The 2011 Rugby World Cup kicked off in New Zealand on September 9th with a glittering opening ceremony followed by the first match between New Zealand and Tonga. (Note that the New Zealand national rugby team is commonly called the “All Blacks.”) I’ve had a couple of very busy weekends watching a number of the pool matches (i.e., round robin matchups)! Rugby is something of an obsession in New Zealand and among people of many other countries, too – there are twenty teams vying for the Webb Ellis Cup, which is only up for grabs every four years. The teams come from all over the world and the fans have been showing their support in a loud and colorful fashion (some after having first experienced being welcomed to New Zealand). An estimated 95,000 visitors will come to New Zealand during the 45-day tournament. An even larger television audience means that the country is really on show to the world.
The Rugby World Cup is the world’s third largest sporting event after the Olympics and the soccer World Cup. Holding such a big event in a small country requires a great deal of planning – and funding, of course! There was also a need for new laws and regulations to ensure a coherent and consistent approach around the country.
While working for the New Zealand government during the mid to late 2000′s, I saw first hand the regulatory process getting into full swing. A Minister for the Rugby World Cup was established within the Cabinet, and the Rugby World Cup Government Co-ordination Office was set up within the Ministry of Economic Development. This Office worked with a number of agencies to coordinate core government services and to ensure New Zealand was ready “on all fronts.” It developed a dedicated website so that visitors could quickly access government information related to these services and to the events taking place around the country. In addition, the government established a temporary agency, the Rugby World Cup Authority, to consider and determine applications for activities and facilities related to the Rugby World Cup on a faster track than is normally required.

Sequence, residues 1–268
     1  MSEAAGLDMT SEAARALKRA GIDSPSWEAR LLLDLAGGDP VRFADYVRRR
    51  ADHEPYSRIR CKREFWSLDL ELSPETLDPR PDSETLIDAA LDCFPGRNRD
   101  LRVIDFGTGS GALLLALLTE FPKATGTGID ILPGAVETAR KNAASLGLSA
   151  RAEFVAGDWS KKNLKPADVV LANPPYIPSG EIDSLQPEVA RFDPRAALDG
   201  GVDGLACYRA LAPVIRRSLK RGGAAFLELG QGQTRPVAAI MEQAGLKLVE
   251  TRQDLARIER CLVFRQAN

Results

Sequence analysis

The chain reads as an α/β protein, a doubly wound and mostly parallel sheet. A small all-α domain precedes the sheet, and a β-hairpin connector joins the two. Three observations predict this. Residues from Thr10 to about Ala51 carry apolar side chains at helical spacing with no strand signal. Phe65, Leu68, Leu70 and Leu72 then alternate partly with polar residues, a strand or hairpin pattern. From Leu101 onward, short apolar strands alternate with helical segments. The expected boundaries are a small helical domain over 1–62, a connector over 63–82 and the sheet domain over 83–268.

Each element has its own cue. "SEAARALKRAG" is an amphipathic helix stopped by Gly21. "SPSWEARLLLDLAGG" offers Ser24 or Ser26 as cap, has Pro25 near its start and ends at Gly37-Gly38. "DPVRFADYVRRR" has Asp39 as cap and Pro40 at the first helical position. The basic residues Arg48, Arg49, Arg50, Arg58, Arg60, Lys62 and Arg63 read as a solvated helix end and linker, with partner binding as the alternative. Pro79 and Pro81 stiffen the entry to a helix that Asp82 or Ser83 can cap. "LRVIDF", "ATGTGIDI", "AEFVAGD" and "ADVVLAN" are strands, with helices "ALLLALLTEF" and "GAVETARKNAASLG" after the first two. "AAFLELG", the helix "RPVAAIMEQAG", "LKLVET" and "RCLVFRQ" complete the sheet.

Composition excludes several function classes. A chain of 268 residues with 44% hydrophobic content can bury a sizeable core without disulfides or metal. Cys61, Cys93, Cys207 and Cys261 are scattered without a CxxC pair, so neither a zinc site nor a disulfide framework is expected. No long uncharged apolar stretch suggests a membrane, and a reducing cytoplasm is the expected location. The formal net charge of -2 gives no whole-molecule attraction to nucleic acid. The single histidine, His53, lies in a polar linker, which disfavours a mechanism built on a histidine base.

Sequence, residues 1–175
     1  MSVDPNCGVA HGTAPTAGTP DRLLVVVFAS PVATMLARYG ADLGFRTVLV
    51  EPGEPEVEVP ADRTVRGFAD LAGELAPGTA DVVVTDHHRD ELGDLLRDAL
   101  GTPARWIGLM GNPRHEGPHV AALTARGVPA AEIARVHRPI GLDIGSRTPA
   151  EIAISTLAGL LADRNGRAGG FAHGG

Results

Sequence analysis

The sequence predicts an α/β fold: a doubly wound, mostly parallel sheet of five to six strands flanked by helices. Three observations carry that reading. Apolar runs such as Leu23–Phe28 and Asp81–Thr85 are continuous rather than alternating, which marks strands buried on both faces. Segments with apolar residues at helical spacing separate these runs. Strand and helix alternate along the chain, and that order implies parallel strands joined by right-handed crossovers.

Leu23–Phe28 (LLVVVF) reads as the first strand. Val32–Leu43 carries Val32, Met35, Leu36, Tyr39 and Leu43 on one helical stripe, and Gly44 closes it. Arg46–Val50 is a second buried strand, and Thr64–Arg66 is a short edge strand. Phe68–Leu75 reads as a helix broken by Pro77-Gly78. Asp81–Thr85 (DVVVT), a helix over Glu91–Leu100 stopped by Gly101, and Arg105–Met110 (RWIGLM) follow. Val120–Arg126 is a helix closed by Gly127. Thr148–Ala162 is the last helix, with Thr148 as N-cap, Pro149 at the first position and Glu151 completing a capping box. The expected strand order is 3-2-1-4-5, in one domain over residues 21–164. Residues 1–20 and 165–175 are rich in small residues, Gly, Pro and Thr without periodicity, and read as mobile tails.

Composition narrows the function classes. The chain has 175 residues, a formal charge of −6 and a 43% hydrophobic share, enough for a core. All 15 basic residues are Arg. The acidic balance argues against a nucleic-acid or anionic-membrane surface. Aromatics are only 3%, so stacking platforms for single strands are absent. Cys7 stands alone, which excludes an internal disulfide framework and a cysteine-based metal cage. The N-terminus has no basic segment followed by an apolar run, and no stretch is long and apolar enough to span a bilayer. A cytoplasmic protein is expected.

The regulatory changes enacted in the last few years that relate to the Rugby World Cup include:
- Major Events Management Act 2007. This statute provides for legal protections to be put in place “to prevent unauthorized commercial exploitation at the expense of an event organiser or its official sponsors.” This includes preventing “ambush marketing” in dedicated areas – in the case of the Rugby World Cup, this means that for a period of time before and during a match an area around the venue must be free of unauthorized advertising. There are also rules related to ticket scalping as well as tough penalties aimed at deterring “pitch invaders.” The pitch invasion provisions have already been brought into play, although it seems that charges won’t be laid in relation to the particular “disruption.”
- Major Events Management (Rugby World Cup 2011) Order 2007. This order declared the Rugby World Cup to be a “major event” under the above statute.
- Major Event Emblems and Words (Rugby World Cup 2011) Order 2008. Under this order, certain emblems and words are protected during the “protection period” for the event.
- Rugby World Cup 2011 (Empowering) Act 2010 and Rugby World Cup (Empowering) Regulations 2010. These instruments established the Rugby World Cup Authority mentioned above, including setting out its membership, functions and powers, as well as its hearing and appeal procedures. The Authority’s role included granting Rugby World Cup liquor licenses, while inspectors and constables are given particular powers in relation to enforcing those licenses… all very important since rugby and beer tend to go together quite frequently.
In addition to these regulations, and in a clear demonstration of the importance of (i.e., obsession with) the Rugby World Cup, New Zealand adjusted the school terms “to align the October term holiday with the final stages of the 2011 Rugby World Cup tournament.”